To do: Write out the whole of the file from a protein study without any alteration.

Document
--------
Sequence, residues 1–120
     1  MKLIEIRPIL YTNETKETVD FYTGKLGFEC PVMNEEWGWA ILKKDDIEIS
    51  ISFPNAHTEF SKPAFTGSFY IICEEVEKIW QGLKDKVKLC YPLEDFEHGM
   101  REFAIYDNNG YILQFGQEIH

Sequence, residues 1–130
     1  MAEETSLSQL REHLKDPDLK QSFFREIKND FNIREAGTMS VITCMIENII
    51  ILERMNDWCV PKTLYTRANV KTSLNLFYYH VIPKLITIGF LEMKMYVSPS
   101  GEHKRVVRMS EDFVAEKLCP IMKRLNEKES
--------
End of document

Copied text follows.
Sequence, residues 1–120
     1  MKLIEIRPIL YTNETKETVD FYTGKLGFEC PVMNEEWGWA ILKKDDIEIS
    51  ISFPNAHTEF SKPAFTGSFY IICEEVEKIW QGLKDKVKLC YPLEDFEHGM
   101  REFAIYDNNG YILQFGQEIH

Sequence, residues 1–130
     1  MAEETSLSQL REHLKDPDLK QSFFREIKND FNIREAGTMS VITCMIENII
    51  ILERMNDWCV PKTLYTRANV KTSLNLFYYH VIPKLITIGF LEMKMYVSPS
   101  GEHKRVVRMS EDFVAEKLCP IMKRLNEKES